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Growing It Alone

Despite being around for some 50 years, Kraton says it still enjoys high growth

by Alexander H. Tullo
April 26, 2004 | A version of this story appeared in Volume 82, Issue 17

Compounding into plastics such as these food containers is one of the growing uses of styrene block copolymers.
Compounding into plastics such as these food containers is one of the growing uses of styrene block copolymers.

Kraton Polymers believes that for it the cliché fits: It has the best of both worlds. Independent from Shell Chemicals for three years, Kraton is more focused than when it was a small piece of a large global oil company. But the company still has a close relationship with its former parent that helps it retain some of its traditional muscle.

Shell sold Kraton to the investment firm Ripplewood Holdings in March 2001 as part of a divestment program aimed at shedding marketing-intensive businesses and retaining "closer to the oil barrel" commodity chemicals. Shell divested roughly 40% of its chemical arm, including its Resolution Performance Products epoxy resins unit, its polyethylene terephthalate business, and Kraton.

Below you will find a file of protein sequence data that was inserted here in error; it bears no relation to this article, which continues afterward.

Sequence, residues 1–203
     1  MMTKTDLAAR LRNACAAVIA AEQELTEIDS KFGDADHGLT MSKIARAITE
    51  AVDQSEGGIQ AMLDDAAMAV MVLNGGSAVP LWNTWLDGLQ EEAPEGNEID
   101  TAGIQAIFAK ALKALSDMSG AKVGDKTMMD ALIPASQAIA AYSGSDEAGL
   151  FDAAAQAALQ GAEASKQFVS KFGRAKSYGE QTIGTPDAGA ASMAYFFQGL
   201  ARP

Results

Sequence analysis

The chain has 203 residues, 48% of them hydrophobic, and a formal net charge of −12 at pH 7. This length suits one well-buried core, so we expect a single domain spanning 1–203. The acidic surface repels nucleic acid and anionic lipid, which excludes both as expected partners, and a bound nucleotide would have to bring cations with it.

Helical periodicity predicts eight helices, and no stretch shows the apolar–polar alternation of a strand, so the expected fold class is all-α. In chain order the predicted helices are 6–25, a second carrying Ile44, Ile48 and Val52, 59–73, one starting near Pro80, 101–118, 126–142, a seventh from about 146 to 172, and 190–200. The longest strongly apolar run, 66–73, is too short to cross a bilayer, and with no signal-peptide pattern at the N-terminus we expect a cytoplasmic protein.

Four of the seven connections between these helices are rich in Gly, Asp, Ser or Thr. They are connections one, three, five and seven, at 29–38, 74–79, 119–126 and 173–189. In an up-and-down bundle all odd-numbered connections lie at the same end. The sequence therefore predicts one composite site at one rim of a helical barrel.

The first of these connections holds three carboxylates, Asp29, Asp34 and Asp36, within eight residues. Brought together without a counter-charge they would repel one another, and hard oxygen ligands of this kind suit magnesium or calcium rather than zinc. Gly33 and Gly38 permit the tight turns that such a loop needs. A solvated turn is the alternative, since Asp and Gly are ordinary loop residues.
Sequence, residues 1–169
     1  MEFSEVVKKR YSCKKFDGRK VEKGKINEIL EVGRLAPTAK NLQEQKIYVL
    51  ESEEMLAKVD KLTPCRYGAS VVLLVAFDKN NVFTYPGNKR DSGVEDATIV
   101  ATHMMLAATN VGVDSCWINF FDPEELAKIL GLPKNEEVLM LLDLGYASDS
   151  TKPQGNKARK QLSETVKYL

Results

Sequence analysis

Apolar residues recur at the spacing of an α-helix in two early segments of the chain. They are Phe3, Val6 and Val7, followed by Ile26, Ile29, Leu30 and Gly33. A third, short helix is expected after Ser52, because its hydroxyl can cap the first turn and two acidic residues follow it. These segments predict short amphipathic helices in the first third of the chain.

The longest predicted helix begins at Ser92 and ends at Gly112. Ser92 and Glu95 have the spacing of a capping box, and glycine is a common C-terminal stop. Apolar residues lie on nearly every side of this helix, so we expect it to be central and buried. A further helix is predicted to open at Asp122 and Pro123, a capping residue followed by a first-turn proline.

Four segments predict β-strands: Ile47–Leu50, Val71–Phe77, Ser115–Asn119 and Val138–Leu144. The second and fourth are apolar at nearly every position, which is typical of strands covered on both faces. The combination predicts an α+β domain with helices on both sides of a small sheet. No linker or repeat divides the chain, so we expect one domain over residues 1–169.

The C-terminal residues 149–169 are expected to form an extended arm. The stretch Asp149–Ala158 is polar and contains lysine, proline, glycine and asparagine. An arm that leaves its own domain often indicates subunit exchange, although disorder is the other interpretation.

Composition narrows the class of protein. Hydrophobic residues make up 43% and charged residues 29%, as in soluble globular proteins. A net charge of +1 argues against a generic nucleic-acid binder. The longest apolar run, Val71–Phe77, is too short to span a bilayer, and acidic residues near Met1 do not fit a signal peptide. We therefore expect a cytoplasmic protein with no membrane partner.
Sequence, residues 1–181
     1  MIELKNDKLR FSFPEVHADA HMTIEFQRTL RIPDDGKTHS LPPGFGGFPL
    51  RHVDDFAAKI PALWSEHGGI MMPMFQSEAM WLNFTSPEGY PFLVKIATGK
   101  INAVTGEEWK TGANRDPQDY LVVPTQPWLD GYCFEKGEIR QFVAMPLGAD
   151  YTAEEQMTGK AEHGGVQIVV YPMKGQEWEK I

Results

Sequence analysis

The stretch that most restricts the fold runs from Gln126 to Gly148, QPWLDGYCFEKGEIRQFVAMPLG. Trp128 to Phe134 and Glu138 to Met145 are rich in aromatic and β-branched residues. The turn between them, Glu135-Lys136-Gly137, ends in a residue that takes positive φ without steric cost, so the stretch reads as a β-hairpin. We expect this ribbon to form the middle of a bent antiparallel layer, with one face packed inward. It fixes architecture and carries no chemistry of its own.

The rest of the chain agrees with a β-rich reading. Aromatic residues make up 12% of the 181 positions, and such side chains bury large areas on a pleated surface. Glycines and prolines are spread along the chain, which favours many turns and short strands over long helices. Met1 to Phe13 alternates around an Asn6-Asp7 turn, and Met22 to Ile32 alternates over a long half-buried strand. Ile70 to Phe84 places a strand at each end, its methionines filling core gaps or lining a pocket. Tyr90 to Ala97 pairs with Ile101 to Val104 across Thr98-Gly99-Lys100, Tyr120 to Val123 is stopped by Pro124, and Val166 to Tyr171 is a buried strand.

Late last year, Ripplewood sold Kraton to two other private equity firms, Texas Pacific Group and J. P. Morgan Partners, for $770 million. Though Ripplewood didn't disclose what it had paid for Kraton, it has said that the subsequent sale represented an "attractive return for its investors."

Garret A. Davies, vice president for the Americas at Kraton, agrees that Kraton Polymers has fared well as an independent company. "Ripplewood was very pleased with the performance of the business," he says. "We performed very well when it was tough for a lot of chemical businesses."

Davies, however, would never second-guess the nurturing that Kraton received from Shell for nearly 50 years. Kraton's roots are as a World War II government synthetic rubber project. In 1955, Shell bought the government's main asset--a Torrance, Calif., isoprene rubber facility--and used it as a laboratory for tinkering with alkyllithium salt catalysts. The company inaugurated its first commercial anionic polymerization plant on the site in 1959, invented styrene block copolymers (SBCs) there in 1961, and was selling SBCs to the footwear market three years later.